PERSONALITY and RELATIONSHIPS —two key concepts for the success of your business!
Personality determines how well you do in business.
Building relationships is a major key to staying in business.
Are you trying to make a success of your business?
Do you struggle to get things done?
If you can determine where you are in these two situations, you might just have the winning combination of a life-long business.
Your personality determines, in part, how your business will succeed, because there are some things that are not a part of your human make-up, and therefore it’s difficult to do them well. Are YOU a people person who relates well to others? If not, you need to find someone who can help you build relationships with your customers. The success of your business relies on it.
Take, for example, a person who does not like to be in a crowd. Now, put him or her at a conference in a booth and see what happens.
Scenario: The conference offers seminars throughout the day, and one has just ended. Over 100 people are coming down the isle. Many of them stop to take a look at the booth and what (s)he has to offer. What do you think (s)he will do?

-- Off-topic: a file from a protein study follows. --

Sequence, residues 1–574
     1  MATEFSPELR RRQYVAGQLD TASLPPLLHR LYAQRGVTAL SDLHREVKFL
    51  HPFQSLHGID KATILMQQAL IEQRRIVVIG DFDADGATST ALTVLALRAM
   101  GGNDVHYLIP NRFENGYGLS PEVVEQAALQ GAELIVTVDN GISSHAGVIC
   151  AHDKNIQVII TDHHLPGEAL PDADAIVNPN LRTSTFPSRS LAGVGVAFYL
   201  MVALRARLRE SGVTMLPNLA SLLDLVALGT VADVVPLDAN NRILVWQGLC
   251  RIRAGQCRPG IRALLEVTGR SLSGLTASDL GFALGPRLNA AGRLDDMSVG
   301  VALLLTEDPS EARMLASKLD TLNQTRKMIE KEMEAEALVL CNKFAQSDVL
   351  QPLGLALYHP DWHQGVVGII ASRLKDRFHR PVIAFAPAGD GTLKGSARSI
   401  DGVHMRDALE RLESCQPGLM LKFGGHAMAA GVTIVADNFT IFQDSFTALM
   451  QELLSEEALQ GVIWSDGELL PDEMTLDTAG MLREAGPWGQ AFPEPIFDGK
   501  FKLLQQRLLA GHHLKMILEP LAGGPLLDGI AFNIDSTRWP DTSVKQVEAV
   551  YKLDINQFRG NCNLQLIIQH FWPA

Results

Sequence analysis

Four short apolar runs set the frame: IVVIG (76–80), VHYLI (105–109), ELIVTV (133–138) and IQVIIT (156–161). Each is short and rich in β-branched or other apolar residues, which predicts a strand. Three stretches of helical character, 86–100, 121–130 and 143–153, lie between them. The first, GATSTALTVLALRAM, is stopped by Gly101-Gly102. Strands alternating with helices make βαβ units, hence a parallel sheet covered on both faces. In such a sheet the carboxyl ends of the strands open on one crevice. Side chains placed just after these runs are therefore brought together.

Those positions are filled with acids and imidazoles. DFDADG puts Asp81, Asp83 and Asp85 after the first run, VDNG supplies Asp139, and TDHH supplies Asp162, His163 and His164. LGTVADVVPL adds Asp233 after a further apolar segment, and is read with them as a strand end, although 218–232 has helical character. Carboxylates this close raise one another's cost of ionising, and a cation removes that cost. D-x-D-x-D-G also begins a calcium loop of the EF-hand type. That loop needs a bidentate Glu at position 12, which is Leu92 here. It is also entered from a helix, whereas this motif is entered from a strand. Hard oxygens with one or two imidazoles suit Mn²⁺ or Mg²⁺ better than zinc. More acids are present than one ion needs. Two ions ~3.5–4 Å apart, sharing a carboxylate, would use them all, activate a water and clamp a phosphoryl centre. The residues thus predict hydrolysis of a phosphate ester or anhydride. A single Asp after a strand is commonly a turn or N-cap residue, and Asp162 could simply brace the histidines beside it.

a. Will (s)he greet them with a smile and share with them what (s)he has to offer?
b. Will (s)he sort of fade into the background of the booth and try not to make eye contact?
You get the picture. Our Personality Based Time Management © article is a fun generalization at its best. If you’re an A Compulsive, you KNOW IT. If you’re a B messy, you KNOW IT. Trying to fit a B Messy into the world of an A Compulsive will just not work! So find a person to help you in areas you are not adept. For example, I did not like handling the finances. What did I do? I hired an accountant. Web design is fun but very time-consuming. What did I do? I hired a professional web designer.
But what happens when:
a. You aren’t good in one or more aspects of running your company?
b. There isn’t enough money to pay for someone else to do it?
c. You do well in all aspects of the business, but there isn’t enough of you to go around?
I’ve heard all of this from the thousands of women I’ve come in contact with, both online and offline.
Solution: Find others who need to get out of the house.
Building relationships is the answer for the success of your business. When I had a brick and mortar business and had an issue that required help, I looked for someone who had experience in that area. Sometimes I didn’t know who could help, so I asked my long-time customers if they were knowledgeable in that area or knew someone they could refer to me. There are many people who don’t want a full-time job, but would love to help once in a while. It can be fun for them and helpful for you. For us, it was a quick solution. I never take for granted how valuable someone’s time is, so I usually barter with them.
Take, for example, my former website designer, Hilde Mott. She LOVES day planners and being organized. I asked for help on one of my online network lists, and she contacted me with an idea for a design.